Your minimum order value should be high enough to encourage shoppers to spend a little extra, but not so high that they go looking for a cheaper competitor. Well-targeted incentives like this show your customers that you are aware of the impact of higher prices and are looking for ways to help them obtain the goods they need.
While it may be hard to see any positives to rising inflation, there is one noticeable upside for brands. Rising prices and tighter household budgets result in what is often referred to as ‘loyalty shock’, or a greater willingness by consumers to experiment with brands and product offerings they haven’t tried before.
Loyalty shock was a common feature during the early part of the COVID-19 pandemic, where supply chain issues meant that many shoppers were unable to access their preferred brands. In 2022, it’s growing price sensitivity that’s pushing consumers to downgrade to cheaper labels for essential items or look for additional perks such as discounts or shipping promotions.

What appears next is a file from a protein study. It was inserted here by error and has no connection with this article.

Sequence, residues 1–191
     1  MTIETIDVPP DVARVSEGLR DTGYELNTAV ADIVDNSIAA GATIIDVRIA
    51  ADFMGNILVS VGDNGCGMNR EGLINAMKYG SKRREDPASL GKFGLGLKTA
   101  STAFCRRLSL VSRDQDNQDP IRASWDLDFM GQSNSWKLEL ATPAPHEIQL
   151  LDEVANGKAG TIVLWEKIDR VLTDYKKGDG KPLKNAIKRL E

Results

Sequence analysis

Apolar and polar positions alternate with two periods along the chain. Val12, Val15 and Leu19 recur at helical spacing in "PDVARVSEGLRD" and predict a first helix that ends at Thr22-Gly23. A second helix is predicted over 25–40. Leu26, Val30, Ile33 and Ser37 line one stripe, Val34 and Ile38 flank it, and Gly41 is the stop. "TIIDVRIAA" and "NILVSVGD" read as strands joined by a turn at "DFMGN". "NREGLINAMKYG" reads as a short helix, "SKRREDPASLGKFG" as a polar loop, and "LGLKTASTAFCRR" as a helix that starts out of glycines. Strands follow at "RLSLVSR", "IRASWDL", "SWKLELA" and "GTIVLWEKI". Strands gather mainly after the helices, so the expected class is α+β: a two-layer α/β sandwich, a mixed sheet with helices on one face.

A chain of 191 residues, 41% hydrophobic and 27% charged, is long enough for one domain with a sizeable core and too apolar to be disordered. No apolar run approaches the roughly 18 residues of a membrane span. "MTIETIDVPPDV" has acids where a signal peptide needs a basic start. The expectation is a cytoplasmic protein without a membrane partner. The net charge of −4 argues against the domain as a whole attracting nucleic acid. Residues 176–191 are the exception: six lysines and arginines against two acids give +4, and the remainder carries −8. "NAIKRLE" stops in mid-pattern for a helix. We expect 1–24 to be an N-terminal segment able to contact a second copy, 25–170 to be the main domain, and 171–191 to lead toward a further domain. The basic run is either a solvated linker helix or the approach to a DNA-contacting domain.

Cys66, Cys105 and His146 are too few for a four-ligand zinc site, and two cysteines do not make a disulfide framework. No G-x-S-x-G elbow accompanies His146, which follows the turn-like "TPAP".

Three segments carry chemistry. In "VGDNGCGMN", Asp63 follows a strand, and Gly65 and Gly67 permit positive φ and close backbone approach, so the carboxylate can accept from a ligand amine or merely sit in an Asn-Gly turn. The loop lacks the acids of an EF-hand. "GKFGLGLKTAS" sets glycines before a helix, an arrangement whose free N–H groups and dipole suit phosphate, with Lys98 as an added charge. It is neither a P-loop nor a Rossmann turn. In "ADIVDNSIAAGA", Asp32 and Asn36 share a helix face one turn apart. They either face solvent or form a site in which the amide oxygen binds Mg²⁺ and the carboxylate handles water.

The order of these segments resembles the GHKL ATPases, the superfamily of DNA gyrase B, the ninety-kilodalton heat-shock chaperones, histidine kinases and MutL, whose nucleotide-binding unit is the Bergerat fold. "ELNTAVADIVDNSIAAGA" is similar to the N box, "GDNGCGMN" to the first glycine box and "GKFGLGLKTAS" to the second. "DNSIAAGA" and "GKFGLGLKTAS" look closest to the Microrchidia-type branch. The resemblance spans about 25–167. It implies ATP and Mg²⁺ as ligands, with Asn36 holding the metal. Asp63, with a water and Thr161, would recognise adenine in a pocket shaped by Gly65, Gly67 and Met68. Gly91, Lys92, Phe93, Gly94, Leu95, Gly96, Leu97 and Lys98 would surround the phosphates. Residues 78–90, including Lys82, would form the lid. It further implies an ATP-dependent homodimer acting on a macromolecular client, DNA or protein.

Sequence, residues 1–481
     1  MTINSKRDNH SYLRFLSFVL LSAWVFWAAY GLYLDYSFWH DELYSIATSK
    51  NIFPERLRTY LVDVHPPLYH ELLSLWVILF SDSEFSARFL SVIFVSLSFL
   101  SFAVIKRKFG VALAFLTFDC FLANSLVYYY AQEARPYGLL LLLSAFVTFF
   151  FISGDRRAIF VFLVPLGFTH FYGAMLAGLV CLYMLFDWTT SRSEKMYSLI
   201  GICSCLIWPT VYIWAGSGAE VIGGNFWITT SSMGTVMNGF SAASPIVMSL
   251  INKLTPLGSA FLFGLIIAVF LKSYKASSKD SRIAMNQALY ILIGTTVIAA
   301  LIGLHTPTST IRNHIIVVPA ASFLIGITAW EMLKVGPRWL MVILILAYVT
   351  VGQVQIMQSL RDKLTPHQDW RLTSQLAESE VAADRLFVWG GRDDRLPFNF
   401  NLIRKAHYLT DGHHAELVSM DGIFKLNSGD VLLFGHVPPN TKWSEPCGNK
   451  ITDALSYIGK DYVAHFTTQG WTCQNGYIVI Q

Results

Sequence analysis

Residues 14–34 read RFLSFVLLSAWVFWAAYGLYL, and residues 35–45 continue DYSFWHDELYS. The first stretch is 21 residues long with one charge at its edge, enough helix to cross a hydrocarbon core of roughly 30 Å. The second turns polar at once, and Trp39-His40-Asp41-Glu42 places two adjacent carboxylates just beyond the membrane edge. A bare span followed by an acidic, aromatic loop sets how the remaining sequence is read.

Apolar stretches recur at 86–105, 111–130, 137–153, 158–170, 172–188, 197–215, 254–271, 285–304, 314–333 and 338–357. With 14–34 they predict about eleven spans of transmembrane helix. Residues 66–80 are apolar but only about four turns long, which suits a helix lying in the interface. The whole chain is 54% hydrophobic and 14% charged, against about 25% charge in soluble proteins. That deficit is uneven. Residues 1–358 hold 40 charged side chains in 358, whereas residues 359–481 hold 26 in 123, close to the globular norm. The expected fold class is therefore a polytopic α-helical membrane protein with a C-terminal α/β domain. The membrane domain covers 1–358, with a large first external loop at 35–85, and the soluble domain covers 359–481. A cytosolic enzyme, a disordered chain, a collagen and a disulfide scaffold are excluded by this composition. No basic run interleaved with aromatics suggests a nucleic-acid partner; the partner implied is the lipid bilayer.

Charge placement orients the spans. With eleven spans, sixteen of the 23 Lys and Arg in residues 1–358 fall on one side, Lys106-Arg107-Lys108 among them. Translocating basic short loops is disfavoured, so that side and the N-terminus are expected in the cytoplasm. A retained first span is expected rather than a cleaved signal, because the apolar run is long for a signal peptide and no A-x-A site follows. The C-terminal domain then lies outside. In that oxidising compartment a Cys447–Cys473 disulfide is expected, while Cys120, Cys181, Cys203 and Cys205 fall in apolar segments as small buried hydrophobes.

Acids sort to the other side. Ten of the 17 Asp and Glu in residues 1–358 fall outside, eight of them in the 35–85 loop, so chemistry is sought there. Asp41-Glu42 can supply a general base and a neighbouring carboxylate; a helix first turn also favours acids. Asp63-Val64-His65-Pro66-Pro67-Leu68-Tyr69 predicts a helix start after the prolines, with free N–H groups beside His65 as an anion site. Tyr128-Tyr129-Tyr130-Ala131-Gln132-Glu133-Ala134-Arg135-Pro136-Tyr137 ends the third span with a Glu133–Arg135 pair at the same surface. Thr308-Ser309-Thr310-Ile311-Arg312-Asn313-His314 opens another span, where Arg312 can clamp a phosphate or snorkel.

In sum, these changing consumer behaviors present a valuable opportunity for brands who are willing to be flexible and adapt to the current economic outlook. More shoppers willing to experiment with your brand can be a great boon – if you know how to retain these customers over the long term. This is why promotions should still be targeted toward your intended customer base to avoid high rates of customer churn.
As we stated above, loyalty shock is an opportunity to convert new customers – but also a challenge to keep a hold of the customers you already have.
It’s a well-known fact that existing customers are much more valuable to your business; a one-time buyer has only a 27% chance of returning to your store, compared with a 54% chance after three purchases.